Catholic College of Mandeville making an impact
Angelo Lawrence, Gleaner Writer
THE BAUXITE industry has for a long time been the economic torch of the parish and has made an impact on almost every household.
When Alpart and Windalco ceased operations some years ago, many economists tolled the bell of economic doom for the parish, and those with crystal balls were quick to shout "I told you so". However, the shock and economic disaster that were predicted never materialised, to the surprise of many. While predictors of gloom were getting attention from those who would listen, in the background were educational institutions such as Catholic College of Mandeville (CCM) that were busy educating the local workforce to preempt any fallout.
The college was established in 1992 by the late Bishop Paul Boyle with a focus on offering high-quality teacher training with a formula to make it affordable and accessible to all. With an enrolment of 18 students, CCM started its historical journey in tertiary education in a classroom at the Mt St Joseph Preparatory School, a short distance from its present location on Caledonia Road. Not one to blow its own horn or seek the limelight, the word quickly spread that CCM was making its presence felt within the teaching fraternity, and it soon found itself struggling to meet the demand for its services.
President of the college, Sister Una O'Connor, told The Gleaner that the phenomenal growth of the college is due in part to the quality of its curriculum and the dedication of its lecturers and management board, which strives to ensure that every gradate can stand up to any educational scrutiny on the world platform. With courses accredited by the University Council of Jamaica and several other accrediting bodies, the school offers courses from the diploma to the master of education level.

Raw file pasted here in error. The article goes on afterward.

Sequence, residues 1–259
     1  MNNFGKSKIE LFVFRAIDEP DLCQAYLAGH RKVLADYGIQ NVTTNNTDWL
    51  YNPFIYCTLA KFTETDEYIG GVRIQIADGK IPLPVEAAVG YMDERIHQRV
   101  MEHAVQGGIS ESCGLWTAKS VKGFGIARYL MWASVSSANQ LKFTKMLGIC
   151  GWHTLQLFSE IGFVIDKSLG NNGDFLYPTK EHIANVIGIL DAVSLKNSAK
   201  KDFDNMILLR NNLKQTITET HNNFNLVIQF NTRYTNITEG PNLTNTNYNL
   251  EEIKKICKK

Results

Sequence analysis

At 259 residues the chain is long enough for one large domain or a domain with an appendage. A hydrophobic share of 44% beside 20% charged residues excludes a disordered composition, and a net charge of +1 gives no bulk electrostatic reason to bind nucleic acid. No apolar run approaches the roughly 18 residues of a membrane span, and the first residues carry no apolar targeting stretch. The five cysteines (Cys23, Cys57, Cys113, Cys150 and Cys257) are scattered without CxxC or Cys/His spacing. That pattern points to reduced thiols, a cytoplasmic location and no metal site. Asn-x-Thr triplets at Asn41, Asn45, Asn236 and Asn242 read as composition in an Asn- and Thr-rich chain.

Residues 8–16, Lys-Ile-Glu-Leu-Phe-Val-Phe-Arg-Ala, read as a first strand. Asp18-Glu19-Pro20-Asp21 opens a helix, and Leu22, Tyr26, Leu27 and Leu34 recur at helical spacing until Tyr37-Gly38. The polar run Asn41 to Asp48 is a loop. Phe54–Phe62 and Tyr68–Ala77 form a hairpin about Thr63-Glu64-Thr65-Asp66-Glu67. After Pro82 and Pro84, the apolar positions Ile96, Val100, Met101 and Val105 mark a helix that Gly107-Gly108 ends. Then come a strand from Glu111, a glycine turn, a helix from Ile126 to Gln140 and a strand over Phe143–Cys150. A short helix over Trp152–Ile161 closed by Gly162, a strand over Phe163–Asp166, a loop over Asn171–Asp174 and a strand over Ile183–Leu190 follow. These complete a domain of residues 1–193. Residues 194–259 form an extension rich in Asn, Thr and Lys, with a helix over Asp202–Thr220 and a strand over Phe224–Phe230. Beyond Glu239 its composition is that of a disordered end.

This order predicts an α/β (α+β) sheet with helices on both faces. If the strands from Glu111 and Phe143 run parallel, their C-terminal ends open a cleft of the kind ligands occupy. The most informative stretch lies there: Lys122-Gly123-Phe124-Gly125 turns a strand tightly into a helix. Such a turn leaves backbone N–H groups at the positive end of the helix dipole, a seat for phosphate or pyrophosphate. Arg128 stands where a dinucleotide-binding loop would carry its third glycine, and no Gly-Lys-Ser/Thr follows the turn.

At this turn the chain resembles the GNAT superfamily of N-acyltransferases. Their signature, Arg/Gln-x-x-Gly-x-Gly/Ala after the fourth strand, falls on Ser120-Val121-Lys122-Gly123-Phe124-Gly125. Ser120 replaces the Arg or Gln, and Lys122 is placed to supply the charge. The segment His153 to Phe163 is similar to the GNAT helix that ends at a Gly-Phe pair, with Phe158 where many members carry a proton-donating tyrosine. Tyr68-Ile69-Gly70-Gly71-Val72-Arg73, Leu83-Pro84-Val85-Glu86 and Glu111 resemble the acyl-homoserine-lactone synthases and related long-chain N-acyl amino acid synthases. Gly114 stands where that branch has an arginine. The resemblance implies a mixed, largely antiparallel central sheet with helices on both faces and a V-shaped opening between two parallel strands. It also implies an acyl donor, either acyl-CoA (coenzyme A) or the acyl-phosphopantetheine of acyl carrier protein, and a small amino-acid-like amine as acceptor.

At a recent ceremony to highlight its partnership with the United States-based Saint Mary's University of Minnesota, Minister of Education Ronald Thwaites lauded CCM as a shining example of an institution that is mindful of its responsibilities in educating its students.
With satellite campuses in May Pen and Kingston, CCM is constructing an ultra-modern multimillion-dollar campus in Williamsfield, two miles to the east of Mandeville.
Construction is expected to be completed by the end of the year. The facility will house some of Jamaica's most modern teaching laboratories, and will offer a range of courses including information technology.
With Catholic College of Mandeville offering 50 full-time and part-time courses, it is one of Jamaica's fastest-growing accredited degree-granting institutions, offering a sound education to the Jamaican populace.
CCM's development officer, Everton Tyndale, said that while the college would be maintaining an emphasis on teacher education, it would introduce and develop new programmes as the need arose. He stressed, however, that the core of all programmes would have strong moral, ethical principles, and civic pride.